Here are the sub-directories I’ve created in my “Writing” folder:
  • Notes and Ideas: Notes on the craft of writing and random ideas that don’t fit anywhere else.
  • Templates and worksheets: Blank character sketches or world-building worksheets as well as story-writing guides, like the Hero’s Journey.
  • Completed Works: Pieces that are ready to be sent out or published.
  • In Progress: anything that is not polished, with the following sub-folders:
    • Fiction
    • Poetry
    • Non-fiction
    • Scripts
  • Journals and Freewrites: pretty self-explanatory.
  • Feedback: feedback and critiques that I have given and received.
  • Submissions: copies of work that I’ve submitted along with a spreadsheet for tracking submissions.
  • Research for Writing Projects: information that I’ve found online and have saved because I think it might come in handy someday for one of my projects. Now that I use Evernote to clip material from the web, this folder has become an archive.
I reorganize this whole mess about once a year. I just went through it a couple of weeks ago and did a little clean-up, and I found that this system works well for keeping files where I can find them quickly and easily.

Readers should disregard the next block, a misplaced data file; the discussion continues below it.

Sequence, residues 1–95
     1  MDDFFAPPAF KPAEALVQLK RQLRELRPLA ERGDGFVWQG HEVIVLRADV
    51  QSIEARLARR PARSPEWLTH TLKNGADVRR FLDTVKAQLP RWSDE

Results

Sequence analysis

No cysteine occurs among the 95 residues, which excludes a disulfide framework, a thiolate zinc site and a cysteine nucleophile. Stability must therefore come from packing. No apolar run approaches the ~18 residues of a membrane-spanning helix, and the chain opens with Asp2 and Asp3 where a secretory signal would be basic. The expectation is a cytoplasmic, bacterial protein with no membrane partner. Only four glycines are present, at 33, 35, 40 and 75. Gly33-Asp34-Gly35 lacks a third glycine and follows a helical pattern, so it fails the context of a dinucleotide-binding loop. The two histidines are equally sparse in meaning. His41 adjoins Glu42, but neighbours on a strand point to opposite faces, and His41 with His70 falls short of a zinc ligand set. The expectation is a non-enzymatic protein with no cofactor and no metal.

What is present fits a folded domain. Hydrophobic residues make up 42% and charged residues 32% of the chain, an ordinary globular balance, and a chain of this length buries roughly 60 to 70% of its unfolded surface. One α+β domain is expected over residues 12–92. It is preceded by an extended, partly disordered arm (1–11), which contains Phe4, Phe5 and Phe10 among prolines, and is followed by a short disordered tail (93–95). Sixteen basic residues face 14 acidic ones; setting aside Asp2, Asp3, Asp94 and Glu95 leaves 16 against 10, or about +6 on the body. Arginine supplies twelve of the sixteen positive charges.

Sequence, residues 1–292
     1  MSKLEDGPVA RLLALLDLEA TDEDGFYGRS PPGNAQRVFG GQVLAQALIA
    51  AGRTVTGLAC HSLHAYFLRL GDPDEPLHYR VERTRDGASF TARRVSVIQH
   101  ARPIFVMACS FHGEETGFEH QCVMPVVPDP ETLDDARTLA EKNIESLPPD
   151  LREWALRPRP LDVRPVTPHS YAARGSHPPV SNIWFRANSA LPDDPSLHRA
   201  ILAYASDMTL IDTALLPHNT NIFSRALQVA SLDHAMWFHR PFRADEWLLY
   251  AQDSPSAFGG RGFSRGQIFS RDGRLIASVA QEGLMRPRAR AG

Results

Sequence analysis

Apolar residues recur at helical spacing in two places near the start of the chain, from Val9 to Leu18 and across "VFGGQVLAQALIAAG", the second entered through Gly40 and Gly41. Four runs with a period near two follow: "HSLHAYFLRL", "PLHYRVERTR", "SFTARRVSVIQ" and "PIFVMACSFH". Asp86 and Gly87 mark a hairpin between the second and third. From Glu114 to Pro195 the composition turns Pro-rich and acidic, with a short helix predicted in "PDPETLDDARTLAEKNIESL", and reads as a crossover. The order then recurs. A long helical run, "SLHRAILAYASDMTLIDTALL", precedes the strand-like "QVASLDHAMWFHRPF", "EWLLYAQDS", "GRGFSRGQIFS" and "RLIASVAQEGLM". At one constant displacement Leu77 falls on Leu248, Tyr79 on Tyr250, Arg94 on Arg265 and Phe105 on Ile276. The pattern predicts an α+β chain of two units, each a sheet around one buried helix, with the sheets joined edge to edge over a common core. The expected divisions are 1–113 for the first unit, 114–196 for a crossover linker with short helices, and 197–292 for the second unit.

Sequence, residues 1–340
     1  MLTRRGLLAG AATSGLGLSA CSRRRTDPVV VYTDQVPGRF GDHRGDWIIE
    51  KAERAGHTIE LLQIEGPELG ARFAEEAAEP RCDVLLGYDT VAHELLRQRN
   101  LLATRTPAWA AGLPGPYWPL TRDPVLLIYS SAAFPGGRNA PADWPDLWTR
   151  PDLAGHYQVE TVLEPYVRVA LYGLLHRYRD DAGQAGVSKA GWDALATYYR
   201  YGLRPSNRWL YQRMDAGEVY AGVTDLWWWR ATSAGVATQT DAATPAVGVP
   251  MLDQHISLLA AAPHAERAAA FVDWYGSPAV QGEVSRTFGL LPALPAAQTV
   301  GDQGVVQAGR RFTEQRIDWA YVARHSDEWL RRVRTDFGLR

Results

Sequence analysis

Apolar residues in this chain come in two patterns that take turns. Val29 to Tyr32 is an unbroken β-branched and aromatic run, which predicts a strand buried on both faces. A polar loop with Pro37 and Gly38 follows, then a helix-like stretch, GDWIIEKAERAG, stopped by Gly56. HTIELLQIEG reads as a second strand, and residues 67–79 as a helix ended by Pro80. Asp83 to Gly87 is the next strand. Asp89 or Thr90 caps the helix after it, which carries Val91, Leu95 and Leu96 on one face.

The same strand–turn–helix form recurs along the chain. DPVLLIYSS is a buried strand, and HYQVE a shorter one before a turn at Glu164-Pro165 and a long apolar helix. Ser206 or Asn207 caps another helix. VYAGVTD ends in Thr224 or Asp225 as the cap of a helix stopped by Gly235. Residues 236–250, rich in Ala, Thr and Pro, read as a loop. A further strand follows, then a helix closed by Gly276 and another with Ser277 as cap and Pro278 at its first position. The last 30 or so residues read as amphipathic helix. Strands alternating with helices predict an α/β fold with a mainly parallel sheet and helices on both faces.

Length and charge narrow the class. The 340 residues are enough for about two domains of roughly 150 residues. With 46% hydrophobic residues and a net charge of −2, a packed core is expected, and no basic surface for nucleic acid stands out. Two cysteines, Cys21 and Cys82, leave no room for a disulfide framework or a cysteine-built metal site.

Tell me, how do you keep your writing files organized? Share your organizational writing tips in the comments!

Saturday, December 5, 2015

I was thinking apricot-y

This is chit chat I overheard from three women talking to one another.

Well hello! A younger woman said  enthusiastically, I thought she was the witch from the Wizard of OZ.  She approached an older woman selling crafts at a coffee shop.  (They clearly knew each other.)
Well, Hi Sarah!
“This is Deena.”  The younger woman said, “The woman I told you about. She does everything, ain’t that right Deena?”
Yes.  I work at Northwest, I am a publicist and a writer, and I am a small business owner.
What else am I? Said the older woman to the younger.
You’re a cancer survivor.
Yes, then there’s that. 
By the way I love your hair Deena.  And it’s Curly. 
What color would you say it is?
I was thinking apricot-y.
“Oh, and did I tell you?   I’m getting married this year!”  Exclaimed the older women, “We’re going to have a shin-dig across the border in Mexico.”
Oh really, my son’s seeing a girl, and they met in Mexico.  They live outside Montreal, can‘t think of the name. Cornwell, I think it is.
The two women stood, not able to sit, not sure when the older woman was going to finish the introduction portion of the conversation; the time when most people would take theirs seats.  The woman not related to the soon to be married individual began looking around anxiously, no doubt wandering if it was time to sit or move on to the business of buying crafts.